Portal Knights Review – Saving the Realms, One Block at a Time

I like Portal Knights. Even besides the fact that the default female character looks like Ellie from The Last of Us. Portal Knights is a game that unabashedly takes inspiration from Minecraft in its crafting and mining mechanics and executes them well enough to set itself apart. Developed by Keen Games and published by 505 Games, known for Payday 2 and upcoming VR title Adr1ft, Portal Knights is a sandbox survival title set in gorgeous 3D environments packed with personality. Like Minecraft, its combat is a little simplistic – although more tactical than you might think – but it makes up for its flaws in abundance with serenely crafted worlds and an addicting gameplay loop of slaying, mining, and crafting.

The story of Portal Knights surrounds a once peaceful world whose realms were torn up by ‘The Fracture’. Portals are now the only link between the realms, and it is your job, as a Portal Knight, to fight off creatures of the darkness and bring light to the universe. The limited plot does enough of a job to give context to the world and your actions, but with most games in this genre the narrative is put to the side. The world the plot takes place in is far more interesting though, with a wonderful art style accompanied by blossoming colors and a fantastic lighting system alongside a day/night cycle. The environments varied from a desert landscape to a rich garden grove full of flora and fauna. Going down into a mine to get the materials you need at high noon, and then coming back up with just the glint of torchlight to guide you never gets old.

The enemies you fight, as varied as they are, don’t have the same visuals as the environments though, which didn’t lure me to fighting them much. Your main character’s look fits the world in a cartoon-style as players are able to customize their creations to a degree before venturing out into the world and attaining new armor pieces to distinguish yourself. The equipping of armor, alongside all other management functions of the game, are done in the menu system which has a brilliant user interface.  Swapping items in your active inventory wheel, checking up on your character, and crafting are all done with ease although one should make sure they do not open the menu while in active combat, as the game’s online nature makes it so that the world is always ongoing and active, even if you are playing solo.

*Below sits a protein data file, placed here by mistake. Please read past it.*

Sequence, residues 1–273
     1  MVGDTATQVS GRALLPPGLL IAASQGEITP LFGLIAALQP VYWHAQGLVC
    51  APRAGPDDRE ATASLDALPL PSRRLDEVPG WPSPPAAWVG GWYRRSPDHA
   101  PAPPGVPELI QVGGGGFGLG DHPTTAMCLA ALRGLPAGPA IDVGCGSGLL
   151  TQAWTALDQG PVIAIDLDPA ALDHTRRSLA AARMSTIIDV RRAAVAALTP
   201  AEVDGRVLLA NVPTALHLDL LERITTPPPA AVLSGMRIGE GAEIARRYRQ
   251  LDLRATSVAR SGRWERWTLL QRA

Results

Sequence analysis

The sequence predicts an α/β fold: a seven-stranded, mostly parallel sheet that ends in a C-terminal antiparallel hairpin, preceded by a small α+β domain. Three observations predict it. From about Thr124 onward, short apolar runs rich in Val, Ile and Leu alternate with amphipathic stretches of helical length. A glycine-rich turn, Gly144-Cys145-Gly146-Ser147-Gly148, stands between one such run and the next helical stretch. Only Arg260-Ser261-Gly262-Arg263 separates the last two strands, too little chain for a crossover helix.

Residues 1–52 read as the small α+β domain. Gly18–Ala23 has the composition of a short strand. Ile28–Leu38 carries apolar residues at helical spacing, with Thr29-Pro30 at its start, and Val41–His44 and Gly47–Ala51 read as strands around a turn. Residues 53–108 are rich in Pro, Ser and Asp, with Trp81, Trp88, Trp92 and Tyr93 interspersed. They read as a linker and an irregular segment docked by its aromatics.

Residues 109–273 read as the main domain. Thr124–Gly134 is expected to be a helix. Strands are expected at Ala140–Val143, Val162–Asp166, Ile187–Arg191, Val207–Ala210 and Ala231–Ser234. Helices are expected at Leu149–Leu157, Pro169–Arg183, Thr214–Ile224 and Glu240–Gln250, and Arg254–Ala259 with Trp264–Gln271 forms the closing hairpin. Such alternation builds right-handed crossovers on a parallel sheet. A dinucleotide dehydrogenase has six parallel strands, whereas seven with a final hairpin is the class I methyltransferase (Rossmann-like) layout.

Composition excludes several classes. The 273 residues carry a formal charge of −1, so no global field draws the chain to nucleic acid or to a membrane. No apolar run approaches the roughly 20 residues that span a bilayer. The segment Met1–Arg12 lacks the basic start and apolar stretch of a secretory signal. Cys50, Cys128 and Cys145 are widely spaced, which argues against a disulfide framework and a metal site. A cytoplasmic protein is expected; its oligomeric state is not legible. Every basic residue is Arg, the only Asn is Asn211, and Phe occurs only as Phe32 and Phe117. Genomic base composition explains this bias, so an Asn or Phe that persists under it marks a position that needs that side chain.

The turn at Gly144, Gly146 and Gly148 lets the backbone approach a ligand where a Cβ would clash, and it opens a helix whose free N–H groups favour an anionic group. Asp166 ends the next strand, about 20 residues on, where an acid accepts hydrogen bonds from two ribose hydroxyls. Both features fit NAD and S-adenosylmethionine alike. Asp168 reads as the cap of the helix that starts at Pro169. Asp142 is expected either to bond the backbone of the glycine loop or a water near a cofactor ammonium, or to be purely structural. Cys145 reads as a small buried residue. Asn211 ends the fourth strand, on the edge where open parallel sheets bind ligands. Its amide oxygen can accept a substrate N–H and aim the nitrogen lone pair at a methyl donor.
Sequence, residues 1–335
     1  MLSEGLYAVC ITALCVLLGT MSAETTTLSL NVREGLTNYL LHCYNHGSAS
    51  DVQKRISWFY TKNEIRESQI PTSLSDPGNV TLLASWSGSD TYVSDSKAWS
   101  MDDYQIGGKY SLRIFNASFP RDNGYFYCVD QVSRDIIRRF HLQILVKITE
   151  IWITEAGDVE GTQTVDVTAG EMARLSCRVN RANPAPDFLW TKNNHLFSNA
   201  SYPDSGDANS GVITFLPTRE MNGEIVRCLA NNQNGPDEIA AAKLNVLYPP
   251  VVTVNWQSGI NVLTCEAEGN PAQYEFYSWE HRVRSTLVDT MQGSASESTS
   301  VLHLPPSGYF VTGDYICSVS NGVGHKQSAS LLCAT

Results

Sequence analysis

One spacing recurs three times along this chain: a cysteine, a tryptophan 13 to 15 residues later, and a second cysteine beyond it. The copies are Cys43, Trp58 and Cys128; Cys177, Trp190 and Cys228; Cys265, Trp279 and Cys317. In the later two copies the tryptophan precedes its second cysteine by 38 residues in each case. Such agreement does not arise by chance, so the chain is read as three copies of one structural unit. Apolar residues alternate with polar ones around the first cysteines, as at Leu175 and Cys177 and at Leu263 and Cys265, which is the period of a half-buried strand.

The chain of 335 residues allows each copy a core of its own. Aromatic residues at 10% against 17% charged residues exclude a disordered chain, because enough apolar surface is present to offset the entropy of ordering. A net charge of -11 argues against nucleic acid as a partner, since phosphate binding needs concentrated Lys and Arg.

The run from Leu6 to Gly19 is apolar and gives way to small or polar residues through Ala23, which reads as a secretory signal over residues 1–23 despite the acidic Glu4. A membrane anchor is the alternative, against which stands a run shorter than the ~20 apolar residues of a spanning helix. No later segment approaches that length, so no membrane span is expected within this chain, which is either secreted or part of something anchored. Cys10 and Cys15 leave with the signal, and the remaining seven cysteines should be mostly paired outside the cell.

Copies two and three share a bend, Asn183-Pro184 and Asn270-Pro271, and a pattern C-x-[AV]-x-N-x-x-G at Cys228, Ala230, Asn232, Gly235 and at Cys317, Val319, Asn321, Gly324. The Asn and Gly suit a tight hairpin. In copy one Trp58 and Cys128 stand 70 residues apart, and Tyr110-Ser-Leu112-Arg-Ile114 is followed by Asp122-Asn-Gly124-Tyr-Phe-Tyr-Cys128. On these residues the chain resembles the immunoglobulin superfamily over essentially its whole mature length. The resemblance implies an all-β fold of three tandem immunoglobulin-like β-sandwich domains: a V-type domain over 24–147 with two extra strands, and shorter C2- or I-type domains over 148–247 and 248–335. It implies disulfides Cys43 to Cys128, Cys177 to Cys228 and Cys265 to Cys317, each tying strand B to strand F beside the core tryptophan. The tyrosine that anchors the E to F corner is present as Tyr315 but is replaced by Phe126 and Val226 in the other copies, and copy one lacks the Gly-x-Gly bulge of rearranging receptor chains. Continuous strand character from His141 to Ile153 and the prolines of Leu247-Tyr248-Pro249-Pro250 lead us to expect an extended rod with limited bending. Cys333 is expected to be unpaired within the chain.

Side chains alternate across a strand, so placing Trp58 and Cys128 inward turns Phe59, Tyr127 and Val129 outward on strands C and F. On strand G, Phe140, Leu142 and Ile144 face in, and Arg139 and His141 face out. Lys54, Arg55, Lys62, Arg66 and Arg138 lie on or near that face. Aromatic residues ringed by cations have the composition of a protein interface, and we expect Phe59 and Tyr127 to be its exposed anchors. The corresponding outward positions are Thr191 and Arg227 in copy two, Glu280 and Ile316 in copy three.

“… it makes up for its flaws in abundance with serenely crafted worlds and an addicting gameplay loop of slaying, mining, and crafting.”

On the more active play side, the combat consists of hacking and slashing in either first or third-person, with the first-person view being rather disorienting. Portal Knights offers a more tactical approach to the combat though, with the ability to lock on to enemies and dodge their moves before you go in for your strike, similar to the Dark Souls style games. This approach is further developed through boss fights, where players have to watch out for both minions, and the boss itself, showing off the tactical gameplay at its best. Outside of boss fights, I never really felt the need or desire to destroy foes, unless I needed some blue portal shards which are vital to moving on to the next level. Players are tasked with collecting enough portal stones to create a portal and continue the march to save the realms in the next environment packed with different enemy types like blobs or skeleton zombies. You can craft stones by collecting enough shards from enemies, which is the only reason I took part in the combat, as the exploration and crafting experiences are far more satisfying.

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The actually mining aspects of the game might as well be Minecraft Lite, as I used my knowledge of Mojang’s title with brutal efficiency here. Trekking down into the darkness of caves and finding chests full of materials will be inhibit the bulk of your time in Portal Knights, and this is when the game is at its most relaxing fun as beautiful ballads and songs play in the background. To do that, one needs to craft supplies, and developer Keen Games chose the wise decision to keep things simple where crafting wood or steel items meant one needed to venture out and find the respective blocks needed to craft pickaxes, swords, bows, and the like.

The best thing I can say about Portal Knights is that it is an effective off-shoot of the juggernaut that is Minecraft and Microsoft’s hit title could actually learn a thing or two from Keen Games’ effort here. Its art is undoubtedly its high point, with the relaxing exploration nature coming in close behind, but the combat is nothing to write home about. With more of a focus on deeper tactical gameplay, I may have been lured to fight enemies for fun more often, but too often it feels like a chore, especially when I have the option to gaze at wonderful sights or find lost treasures while mining.

*** PC code provided by the publisher ***

The Good

  • Stellar art
  • Relaxing exploration
  • Brilliant UI

The Bad

  • Average gameplay
  • Disorienting first-person view